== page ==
I first became properly aware of Christopher Isherwood though the TV adaptation of his autobiography, Christopher and His Kind, which was on BBC Two last year (BBC Two/Wikipedia). Set in 1930s Germany and starring Dr. Who‘s Matt Smith, I thought it would be right up my alley (so to speak).
Since then I have (tried) to consume more of Isherwood’s work, starting first with Mr. Norris Changes Trains (or, The Last of Mr. Norris, depending where you’re from), which I found quite hard to get through. Isherwood’s style is quite simple and really quite easy to read but for some reason I had a few issues with that book. The edition I have is doubled up as The Berlin Stories with Goodbye To Berlin.
Goodbye To Berlin was adapted into a play, I Am A Camera (the title of the play being taken from the first page of the book: “I am a camera with its shutter open, quite passive, recording, not thinking.”) The play then spawned a less successful film. The book was also adapted into the more famous musical Cabaret, which then, of course, was made into the film starring Liza Minnelli. This post about the film adaptation of another of Isherwood’s novels, A Single Man, sheds some light onto Isherwood’s thoughts about Cabaret.
That a film is not a book is embarrassingly obvious but not entirely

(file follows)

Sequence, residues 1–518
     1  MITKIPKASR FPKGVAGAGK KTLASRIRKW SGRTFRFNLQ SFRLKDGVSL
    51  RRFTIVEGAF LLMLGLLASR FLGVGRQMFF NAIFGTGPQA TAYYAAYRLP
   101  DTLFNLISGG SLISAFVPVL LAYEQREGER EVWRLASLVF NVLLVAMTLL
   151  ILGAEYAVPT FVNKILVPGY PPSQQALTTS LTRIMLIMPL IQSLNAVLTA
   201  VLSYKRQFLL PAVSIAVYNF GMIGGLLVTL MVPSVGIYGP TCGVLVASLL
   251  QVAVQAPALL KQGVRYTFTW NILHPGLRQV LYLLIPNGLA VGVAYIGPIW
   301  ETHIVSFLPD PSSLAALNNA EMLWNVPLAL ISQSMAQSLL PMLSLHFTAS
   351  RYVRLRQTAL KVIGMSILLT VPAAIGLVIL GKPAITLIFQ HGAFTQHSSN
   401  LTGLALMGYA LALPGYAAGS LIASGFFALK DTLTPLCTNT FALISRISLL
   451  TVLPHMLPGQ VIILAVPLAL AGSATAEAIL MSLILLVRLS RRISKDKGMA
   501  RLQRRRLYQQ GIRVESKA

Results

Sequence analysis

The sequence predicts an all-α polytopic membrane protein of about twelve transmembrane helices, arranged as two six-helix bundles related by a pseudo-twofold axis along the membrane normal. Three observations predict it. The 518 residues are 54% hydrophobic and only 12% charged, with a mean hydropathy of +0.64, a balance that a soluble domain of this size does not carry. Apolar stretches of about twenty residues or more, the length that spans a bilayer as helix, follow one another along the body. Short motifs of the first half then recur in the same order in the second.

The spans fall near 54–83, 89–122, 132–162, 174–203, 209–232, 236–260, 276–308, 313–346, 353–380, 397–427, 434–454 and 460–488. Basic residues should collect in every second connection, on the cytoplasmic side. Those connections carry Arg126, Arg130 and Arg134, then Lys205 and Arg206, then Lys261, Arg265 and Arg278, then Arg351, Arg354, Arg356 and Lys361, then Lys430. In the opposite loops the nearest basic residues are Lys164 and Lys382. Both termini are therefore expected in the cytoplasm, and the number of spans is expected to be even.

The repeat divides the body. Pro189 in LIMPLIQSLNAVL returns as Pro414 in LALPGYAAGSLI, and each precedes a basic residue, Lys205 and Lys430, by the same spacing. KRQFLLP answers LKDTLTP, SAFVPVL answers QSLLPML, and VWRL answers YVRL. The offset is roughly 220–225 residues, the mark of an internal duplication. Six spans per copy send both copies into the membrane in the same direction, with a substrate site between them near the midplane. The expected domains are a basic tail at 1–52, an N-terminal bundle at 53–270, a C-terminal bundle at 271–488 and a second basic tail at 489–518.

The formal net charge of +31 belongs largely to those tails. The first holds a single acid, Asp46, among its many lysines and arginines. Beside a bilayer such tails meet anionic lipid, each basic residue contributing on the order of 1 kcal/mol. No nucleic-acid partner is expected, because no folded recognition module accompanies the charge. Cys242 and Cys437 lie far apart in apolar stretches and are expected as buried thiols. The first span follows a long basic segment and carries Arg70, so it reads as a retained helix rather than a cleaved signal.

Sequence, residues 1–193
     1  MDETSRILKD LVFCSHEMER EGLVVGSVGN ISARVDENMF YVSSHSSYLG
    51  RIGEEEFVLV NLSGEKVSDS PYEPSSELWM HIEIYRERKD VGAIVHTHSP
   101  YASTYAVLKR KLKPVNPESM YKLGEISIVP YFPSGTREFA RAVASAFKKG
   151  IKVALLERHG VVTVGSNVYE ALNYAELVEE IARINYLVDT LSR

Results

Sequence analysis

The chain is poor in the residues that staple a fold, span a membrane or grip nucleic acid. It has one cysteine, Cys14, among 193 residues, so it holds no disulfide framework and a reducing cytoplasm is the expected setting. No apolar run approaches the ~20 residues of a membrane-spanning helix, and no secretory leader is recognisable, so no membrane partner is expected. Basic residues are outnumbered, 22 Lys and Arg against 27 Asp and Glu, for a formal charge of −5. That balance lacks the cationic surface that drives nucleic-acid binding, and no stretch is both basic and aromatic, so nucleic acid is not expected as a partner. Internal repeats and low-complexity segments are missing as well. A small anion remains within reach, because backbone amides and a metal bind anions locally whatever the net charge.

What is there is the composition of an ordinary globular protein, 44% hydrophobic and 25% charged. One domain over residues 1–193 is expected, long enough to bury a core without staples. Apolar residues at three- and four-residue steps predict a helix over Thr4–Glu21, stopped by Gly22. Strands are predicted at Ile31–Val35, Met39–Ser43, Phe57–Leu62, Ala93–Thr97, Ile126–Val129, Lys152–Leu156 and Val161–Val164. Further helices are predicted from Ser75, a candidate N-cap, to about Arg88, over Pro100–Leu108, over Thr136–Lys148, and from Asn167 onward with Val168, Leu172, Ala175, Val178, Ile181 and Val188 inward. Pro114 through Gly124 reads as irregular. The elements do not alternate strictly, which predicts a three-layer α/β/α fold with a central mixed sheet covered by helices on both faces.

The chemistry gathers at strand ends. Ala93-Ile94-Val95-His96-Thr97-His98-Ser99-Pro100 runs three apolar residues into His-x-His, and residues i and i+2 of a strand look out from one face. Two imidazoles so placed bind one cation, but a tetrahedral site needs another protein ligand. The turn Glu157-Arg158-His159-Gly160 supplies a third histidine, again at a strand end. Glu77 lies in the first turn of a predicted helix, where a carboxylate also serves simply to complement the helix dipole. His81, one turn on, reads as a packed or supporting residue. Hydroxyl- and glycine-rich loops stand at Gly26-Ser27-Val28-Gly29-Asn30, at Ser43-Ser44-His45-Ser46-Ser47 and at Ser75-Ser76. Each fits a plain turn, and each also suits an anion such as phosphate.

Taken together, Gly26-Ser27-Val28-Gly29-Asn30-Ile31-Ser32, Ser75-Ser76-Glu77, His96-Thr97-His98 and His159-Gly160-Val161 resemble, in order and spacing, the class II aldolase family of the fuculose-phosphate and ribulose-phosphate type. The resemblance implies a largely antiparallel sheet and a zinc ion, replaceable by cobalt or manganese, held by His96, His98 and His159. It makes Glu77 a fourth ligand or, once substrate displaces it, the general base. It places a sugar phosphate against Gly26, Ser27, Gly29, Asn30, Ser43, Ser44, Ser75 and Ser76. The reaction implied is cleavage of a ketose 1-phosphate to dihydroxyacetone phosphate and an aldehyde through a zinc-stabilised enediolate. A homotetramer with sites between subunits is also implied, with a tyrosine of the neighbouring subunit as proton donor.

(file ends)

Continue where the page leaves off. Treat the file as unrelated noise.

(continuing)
convincing to the purists, who quickly point to Isherwood’s dislike
of Bob Fosse’s Oscar-winning Cabaret, a musical adaptation of his
Berlin Stories. The film is widely considered a classic yet the
writer famously quipped: “I don’t recognise my own child.”
The other of Isherwood’s books that I have read is the much shorter, Prater Violet, which I have talked about on the blog before. I found Prater Violet much easier to get through though felt that Isherwood left it until the last few pages to actually find an emotional point in the book. Prater Violet is about Christopher trying to write a screenplay. For the most part he and his co-writer are left alone to try and actually write the screenplay, but the underlying problems in Germany and Austria often throw up some difficulties for those involved.
I’m going to try and find some more Isherwood to sink my teeth into and I suggest you do too.
Currently reading: The House of Sleep – Jonathan Coe.